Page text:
We won’t let ministers destroy freedom laws
MPs and peers from all parties join forces to protect Act that ‘saves lives and saves money’
A CROSS-party alliance of peers and MPs last night vowed to inflict a humiliating defeat on the Government if it tries to ‘cripple’ Freedom of Information laws.
The Act – which has exposed a string of scandals and wasteful public spending – is currently under threat from ministers who claim it is ‘too costly’ to administer.
The findings of a Government review, conducted by critics of the legislation, are due to be released by the end of the year.
But, at the launch of a campaign to save the Act yesterday, senior Tory backbencher David Davis said any attempt to undermine the Act would be rejected by Tory rebels.
Mr Davis said the openness the Act provides ‘saves money, it saves lives and it leads to better Government’. He insisted more than a dozen Conservative MPs would oppose proposals to water down the legislation – more than enough to defeat a Government with a majority of only 12.
Mr Davis warned that ministers could attempt to bypass a full vote in the Commons by tabling a socalled statutory instrument. But he insisted peers would block any changes if MPs could not.
‘Whatever they come up with, we can find an appropriate response in one house or another,’ Mr Davis told an all-parliamentary briefing organised by the cross-party campaign to defend freedom of information.
He described the commission set up to review the act, which includes ex-Labour Home Secretary Jack Straw – a critic of the legislation – as ‘a joke’ designed to ‘cripple’ it. Mr Davis went on to say: ‘They are all people who either for one reason or another express scepticism about FOI, or have themselves been embarrassed by its operation.
‘ There is a suspicion this is designed to cripple FOI either by increasing charges or by further restricting access to policy work or other areas.’
Lib Dem peer Lord McNally, who was the minister in charge of the FOI Act in the last Parliament, said: ‘I was genuinely shocked by the setting up of this commission.’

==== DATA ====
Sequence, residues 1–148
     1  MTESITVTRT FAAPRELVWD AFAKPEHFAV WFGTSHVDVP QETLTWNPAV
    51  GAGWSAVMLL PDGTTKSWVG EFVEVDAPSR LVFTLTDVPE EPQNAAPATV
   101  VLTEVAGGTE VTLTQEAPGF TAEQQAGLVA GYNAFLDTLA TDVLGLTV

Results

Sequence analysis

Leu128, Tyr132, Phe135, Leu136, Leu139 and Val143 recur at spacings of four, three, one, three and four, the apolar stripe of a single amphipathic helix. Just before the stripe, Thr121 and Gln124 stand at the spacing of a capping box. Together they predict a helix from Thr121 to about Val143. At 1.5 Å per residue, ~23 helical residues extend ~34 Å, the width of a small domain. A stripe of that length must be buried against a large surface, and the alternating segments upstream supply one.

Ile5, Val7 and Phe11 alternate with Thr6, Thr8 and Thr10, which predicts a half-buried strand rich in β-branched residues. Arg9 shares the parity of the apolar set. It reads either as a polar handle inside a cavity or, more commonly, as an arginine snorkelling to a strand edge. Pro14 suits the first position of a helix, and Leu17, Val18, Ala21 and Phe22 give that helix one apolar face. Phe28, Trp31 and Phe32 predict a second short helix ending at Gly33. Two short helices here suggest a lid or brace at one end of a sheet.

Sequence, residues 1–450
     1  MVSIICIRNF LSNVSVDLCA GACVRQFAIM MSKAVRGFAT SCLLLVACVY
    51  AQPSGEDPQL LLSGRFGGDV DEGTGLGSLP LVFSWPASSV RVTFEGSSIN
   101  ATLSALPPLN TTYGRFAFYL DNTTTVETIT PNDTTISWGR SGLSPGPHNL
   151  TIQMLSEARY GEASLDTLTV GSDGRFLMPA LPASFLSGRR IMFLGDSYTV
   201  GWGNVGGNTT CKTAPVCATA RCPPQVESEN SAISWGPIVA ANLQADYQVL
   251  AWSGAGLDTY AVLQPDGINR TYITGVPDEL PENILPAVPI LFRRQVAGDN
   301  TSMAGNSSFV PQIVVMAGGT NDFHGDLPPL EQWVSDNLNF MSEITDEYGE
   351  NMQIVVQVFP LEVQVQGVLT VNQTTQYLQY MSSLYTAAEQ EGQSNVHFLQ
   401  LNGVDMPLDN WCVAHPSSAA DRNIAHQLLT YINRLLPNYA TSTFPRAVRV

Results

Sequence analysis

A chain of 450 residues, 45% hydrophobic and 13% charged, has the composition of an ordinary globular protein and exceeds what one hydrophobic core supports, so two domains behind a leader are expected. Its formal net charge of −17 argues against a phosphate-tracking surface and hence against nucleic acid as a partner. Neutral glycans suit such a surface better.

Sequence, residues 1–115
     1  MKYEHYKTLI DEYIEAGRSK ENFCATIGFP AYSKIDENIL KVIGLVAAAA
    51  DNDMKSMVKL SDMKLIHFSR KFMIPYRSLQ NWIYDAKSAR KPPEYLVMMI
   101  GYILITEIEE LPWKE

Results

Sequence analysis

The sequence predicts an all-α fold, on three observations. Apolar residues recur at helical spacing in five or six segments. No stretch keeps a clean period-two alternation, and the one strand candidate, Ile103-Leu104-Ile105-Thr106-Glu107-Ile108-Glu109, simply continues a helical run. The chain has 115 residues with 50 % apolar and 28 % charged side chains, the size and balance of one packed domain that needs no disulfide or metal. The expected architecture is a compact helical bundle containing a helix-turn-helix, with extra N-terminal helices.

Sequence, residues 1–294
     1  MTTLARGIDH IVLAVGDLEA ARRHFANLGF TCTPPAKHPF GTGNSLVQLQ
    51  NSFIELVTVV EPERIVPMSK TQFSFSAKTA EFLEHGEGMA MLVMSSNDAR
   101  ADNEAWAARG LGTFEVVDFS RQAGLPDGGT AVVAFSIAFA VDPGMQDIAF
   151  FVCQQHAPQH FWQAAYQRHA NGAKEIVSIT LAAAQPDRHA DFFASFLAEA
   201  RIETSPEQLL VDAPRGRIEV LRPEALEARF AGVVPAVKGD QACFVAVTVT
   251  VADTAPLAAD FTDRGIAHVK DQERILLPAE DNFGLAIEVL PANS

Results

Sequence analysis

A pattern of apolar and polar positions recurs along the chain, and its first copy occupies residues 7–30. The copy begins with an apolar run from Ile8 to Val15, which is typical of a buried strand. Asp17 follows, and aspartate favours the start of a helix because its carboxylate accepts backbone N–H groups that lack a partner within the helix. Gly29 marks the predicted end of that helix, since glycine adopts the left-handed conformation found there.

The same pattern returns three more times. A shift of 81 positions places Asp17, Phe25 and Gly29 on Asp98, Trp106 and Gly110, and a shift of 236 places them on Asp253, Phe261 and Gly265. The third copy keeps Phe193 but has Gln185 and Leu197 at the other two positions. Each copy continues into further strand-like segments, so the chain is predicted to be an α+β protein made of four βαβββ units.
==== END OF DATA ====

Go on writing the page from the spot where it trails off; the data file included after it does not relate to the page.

He roundly rejected the arguments given by the Government for the review; which are that it is too expensive to administer and has a ‘chilling’ effect on the advice civil servants give to ministers, for fear it will later be made public. He added: ‘I found no evidence of this “chilling” effect ... and I would like to see critics produce any.’
Louise Haigh, Labour’s spokesman for civil service reform, described the panel as ‘lopsided’. She added: ‘It does not contain a single individual who has written a Freedom of Information request.’
The MP said that, far from tightening the Act, ministers should extend it to include private care homes and any other organisation that carries out work on behalf of the public sector.
Last month, the Mail reported that ministers are spending 50 times more on spin, propaganda and marketing than it costs to administer the Act.
It costs only £5.7million to administer – compared to a total bill of £289million for the Government Communication Service.
In total, the Government appoints an astonishing 3,650 communications staff, including armies of spin doctors. Last month, the Mail and TaxPayers’ Alliance used almost 6,000 FOI requests to expose the astonishing scale of pay and perks in the public sector.
The revelations included a hospital boss on a pay package of £1.2million and a police chief who earned £700,000.
One assistant chief constable was paid a £54,000 allowance from the public purse to move house. It took almost 6,000 requests under FOI for the Mail and the TaxPayers’ Alliance to fully uncover the extent of this taxpayer-funded excess.
Journalists and campaigners insist the law, which was introduced 15 years ago, is a crucial tool in scrutinising the conduct and performance of those who govern in the public’s name.
FOI helped to expose the MPs’ expenses scandal and many examples of public- sector negligence and malpractice.
The Act is not only used by journalists but also by members of the public and charities as well as campaign groups.
Comment – Page 16
Promise: MP David Davis